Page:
Old parsonages, vicarages and rectories are the staple diet of a guide to charming smal hotels in Britain; in Germany they are distinctly rare – and in the case of Altes Pfarrhaus Beaumarais, at least, the German variety has little in common with the British. With 36 rooms, it is naturally not the last word in intimacy; and in terms of style, it is more severe and less home-like than a British visitor might expect.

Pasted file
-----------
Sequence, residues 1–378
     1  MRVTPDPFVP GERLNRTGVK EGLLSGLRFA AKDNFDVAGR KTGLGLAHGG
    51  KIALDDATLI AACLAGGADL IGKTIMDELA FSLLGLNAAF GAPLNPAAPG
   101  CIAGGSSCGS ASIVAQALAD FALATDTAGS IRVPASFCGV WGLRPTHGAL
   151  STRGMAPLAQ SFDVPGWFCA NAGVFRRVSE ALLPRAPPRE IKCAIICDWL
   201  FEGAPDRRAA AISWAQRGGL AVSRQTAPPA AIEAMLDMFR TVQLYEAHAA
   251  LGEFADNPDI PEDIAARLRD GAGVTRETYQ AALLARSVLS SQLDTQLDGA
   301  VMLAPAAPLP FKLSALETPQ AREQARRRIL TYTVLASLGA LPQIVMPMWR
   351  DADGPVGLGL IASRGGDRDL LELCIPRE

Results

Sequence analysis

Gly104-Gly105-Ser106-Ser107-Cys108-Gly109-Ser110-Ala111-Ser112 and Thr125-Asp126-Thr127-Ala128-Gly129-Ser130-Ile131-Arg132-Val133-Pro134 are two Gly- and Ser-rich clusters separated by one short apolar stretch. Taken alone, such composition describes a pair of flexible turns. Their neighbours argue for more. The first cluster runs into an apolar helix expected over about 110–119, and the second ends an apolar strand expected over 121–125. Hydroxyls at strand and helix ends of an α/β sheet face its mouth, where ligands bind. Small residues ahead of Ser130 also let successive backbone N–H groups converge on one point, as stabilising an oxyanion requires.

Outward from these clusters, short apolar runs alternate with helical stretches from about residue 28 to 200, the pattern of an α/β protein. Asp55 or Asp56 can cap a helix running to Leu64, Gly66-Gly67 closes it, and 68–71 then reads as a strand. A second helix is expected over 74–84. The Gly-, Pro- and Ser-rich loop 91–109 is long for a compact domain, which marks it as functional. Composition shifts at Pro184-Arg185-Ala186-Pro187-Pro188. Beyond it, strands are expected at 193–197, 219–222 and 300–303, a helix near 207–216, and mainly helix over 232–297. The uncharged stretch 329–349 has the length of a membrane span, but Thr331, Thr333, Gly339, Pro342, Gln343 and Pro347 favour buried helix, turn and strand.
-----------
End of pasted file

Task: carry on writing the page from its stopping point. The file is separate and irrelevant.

The building was an aristocrat’s summer villa before being used as a vicarge. The proprietors describe it as late-baroque, but there is none of the exuberant decoration that the label usually implies. On the contrary, the house (converted to a hotel in 1985) is stylishly plain: outside, white shutters against cream walls; inside, again, predominantly cream-coloured walls and fabrics, and furnishings thats verge on the spare. This is particularly true of the spacious bedrooms – though even here there are just enough splashes of colour to make the decorative scheme seem clearly deliberate rather than negligent. The public areas are less restrained, with the occasional ornament, even. The dining room has a small modern conservatory extension; there is no dining-terrace, but a very appealing courtyard Biergarten.